HOUSTON (Reuters) - Oil prices retreated from big gains on Thursday, but still managed to settle at three-year highs after the global Brent benchmark hit $70 a barrel on signs of tightening supply in the United States.
Brent crude futures settled 6 cents higher at $69.26 a barrel, after hitting $70.05 a barrel during the session, its highest level since November 2014. Brent’s settlement still represents a three-year closing high.
Brent has gained 5 percent since the beginning of the year, picking up from its late-year surge.
U.S. West Texas Intermediate (WTI) crude futures settled at $63.80 a barrel, up 23 cents, the highest since December 2014.
Prices came off highs after an early surge that took benchmarks past key resistance levels that produced a flurry of buying in an active day in the market. However, analysts said it would take more than one day to convincingly break through $70 a barrel on Brent.
“The propulsion of the upside was due to short-covering and no buying,” said Marty Wallace, broker for iitrader.com LLC in Chicago.
The relative strength index (RSI), which measures the speed and breadth of a rally, shows oil in an overbought condition, suggesting the move has come too far, too fast.
“You have a very overbought market. Oil is acting like an internet stock and when it does that you know it’s getting overcooked,” said Walter Zimmerman, chief technical analyst for United-ICAP.
Oil has been in an upward trend thanks to a steady, pronounced drop in global supply, particularly in the United States, the world’s largest consumer.
On Wednesday, the U.S. Energy Information Administration said crude inventories fell almost 5 million barrels to 419.5 million barrels last week. Production slowed by nearly 300,000 barrels per day, which analysts attributed to colder-than-usual weather across the United States last week.[EIA/S]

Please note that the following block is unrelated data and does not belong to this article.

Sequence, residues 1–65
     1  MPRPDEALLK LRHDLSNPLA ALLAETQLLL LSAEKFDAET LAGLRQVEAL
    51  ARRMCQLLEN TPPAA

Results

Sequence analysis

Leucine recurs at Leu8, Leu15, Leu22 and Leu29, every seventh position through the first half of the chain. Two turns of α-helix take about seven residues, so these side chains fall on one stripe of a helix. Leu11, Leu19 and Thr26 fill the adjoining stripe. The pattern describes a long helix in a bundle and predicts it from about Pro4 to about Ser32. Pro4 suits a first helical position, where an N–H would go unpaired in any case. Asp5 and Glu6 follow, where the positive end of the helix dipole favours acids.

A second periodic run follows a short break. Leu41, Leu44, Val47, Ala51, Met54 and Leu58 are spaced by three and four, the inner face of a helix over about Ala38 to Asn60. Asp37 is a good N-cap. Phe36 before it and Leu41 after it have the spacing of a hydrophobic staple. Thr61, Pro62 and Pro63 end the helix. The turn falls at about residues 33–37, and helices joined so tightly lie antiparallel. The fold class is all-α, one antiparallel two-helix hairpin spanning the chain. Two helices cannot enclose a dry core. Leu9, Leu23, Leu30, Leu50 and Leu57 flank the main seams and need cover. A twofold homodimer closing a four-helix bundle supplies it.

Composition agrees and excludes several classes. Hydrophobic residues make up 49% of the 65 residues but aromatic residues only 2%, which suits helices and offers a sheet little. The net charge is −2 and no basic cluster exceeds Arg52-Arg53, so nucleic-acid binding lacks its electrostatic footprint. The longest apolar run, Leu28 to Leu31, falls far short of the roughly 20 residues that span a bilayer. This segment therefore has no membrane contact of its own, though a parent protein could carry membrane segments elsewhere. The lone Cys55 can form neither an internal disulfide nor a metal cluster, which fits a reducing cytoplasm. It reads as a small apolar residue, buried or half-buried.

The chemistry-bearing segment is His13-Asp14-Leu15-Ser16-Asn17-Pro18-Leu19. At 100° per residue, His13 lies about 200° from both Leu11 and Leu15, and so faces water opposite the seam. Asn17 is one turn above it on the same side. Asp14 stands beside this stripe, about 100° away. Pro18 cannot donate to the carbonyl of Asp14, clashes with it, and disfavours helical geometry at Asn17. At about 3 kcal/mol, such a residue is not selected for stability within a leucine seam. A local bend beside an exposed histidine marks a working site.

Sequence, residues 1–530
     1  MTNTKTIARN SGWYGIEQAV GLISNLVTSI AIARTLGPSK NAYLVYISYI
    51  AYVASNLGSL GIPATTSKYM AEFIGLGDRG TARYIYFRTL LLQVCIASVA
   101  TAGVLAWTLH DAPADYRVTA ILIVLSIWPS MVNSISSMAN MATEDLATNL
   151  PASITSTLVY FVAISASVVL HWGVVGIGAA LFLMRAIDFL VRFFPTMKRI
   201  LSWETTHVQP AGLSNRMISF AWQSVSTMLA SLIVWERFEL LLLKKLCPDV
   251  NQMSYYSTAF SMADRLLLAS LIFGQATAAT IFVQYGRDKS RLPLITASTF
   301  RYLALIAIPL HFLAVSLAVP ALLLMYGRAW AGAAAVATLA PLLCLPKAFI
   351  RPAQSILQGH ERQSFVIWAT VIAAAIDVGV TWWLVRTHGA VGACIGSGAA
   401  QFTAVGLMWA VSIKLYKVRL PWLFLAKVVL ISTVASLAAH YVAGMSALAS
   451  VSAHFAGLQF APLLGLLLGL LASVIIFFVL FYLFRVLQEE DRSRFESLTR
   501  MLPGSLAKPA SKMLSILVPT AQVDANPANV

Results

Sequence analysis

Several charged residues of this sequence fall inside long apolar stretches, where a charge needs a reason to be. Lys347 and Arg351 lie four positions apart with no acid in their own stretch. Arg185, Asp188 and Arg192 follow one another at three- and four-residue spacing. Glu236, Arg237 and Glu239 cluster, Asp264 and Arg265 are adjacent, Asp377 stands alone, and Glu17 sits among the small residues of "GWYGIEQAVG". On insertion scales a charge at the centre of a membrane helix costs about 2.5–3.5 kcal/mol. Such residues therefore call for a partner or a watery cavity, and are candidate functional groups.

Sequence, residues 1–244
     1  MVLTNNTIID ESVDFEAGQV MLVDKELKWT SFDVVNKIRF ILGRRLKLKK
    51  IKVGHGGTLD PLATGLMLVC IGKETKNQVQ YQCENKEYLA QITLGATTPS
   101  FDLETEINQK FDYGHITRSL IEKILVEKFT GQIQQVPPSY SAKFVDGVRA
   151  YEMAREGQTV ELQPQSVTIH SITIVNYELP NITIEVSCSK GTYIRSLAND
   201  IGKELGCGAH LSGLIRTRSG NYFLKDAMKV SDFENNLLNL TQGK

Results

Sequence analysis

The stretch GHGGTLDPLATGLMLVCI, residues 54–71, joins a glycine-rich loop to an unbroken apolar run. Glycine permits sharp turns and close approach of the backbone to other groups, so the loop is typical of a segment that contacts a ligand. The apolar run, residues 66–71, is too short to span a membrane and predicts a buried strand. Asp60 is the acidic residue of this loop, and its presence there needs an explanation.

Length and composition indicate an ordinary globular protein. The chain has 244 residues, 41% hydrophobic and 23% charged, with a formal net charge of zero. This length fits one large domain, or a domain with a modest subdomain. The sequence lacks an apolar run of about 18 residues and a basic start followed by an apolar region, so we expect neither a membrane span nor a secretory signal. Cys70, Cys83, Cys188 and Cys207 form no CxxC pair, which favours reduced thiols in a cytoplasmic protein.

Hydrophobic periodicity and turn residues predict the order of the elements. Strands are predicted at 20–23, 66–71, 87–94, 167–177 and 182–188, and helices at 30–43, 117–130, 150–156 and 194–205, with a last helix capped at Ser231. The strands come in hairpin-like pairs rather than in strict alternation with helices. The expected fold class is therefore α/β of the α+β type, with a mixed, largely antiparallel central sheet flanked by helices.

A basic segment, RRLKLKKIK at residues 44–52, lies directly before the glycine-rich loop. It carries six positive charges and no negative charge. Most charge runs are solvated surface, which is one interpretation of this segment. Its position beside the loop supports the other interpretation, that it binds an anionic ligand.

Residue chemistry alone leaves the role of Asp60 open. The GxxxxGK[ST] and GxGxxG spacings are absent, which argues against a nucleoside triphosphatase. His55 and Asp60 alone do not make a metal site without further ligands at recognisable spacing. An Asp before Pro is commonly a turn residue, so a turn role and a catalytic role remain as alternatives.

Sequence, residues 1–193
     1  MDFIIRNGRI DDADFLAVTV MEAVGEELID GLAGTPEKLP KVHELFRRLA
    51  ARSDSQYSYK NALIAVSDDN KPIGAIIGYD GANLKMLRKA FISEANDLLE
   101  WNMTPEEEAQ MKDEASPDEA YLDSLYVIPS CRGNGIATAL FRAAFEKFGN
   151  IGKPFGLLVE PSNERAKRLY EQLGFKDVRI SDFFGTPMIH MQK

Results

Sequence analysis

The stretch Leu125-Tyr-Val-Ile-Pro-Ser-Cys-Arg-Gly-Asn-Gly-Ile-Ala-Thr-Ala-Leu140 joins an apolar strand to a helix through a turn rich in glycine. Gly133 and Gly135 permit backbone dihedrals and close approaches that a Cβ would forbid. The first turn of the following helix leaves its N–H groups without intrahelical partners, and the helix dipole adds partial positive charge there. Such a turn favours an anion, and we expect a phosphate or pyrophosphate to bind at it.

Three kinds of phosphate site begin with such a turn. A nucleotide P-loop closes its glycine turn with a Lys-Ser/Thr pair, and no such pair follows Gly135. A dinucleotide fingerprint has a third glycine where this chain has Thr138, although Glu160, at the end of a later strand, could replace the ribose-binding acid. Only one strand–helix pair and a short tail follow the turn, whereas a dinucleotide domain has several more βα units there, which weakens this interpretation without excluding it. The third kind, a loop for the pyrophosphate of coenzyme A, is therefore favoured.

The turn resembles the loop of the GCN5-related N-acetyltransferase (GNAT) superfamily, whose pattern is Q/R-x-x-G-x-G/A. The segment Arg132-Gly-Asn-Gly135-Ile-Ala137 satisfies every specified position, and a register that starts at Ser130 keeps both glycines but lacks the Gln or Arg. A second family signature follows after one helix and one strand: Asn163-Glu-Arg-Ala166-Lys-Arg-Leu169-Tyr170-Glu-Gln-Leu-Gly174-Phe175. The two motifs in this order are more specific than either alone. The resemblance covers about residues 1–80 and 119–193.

Adding to bullish sentiment on Thursday, market intelligence firm Genscape estimated a draw of more than 3.5 million barrels at the Cushing, Oklahoma delivery point for U.S. crude futures for the week ended Tuesday, according to traders who saw the data.
Production cuts, led by the Organization of the Petroleum Exporting Countries and Russia, which are set to continue throughout 2018, have underpinned prices.
The United Arab Emirates (UAE) Energy Minister and OPEC President Suhail al-Mazrouei said he expects the market to balance in 2018 and that the producer group is committed to its supply-reduction pact until the end of this year.
The greenback-denominated commodity has also benefited from weakness in the dollar, which neared a one-week low on Thursday, as it makes oil cheaper to buy for holders of other currencies. [USD/]
Trading volumes were higher than average, with a flurry of trades at about 10 a.m. EST as prices jumped. More than 820,000 U.S. crude contracts changed hands on Thursday, far surpassing the daily average of 619,000 contracts over the past 200 days of trading.
Brent may not be able to sustain a $70 level unless additional news from the Middle East bolstered bullish sentiment, analysts said.
ICE Commitment of Traders figures showed speculators raised their net long holdings of Brent crude futures and options in the week to Jan. 2 to a new record. Heavy bets like this are at risk of being unwound after quick gains.
Additional reporting by Libby George in London and Henning Gloystein in Singapore; Editing by Marguerita Choy and Lisa Shumaker
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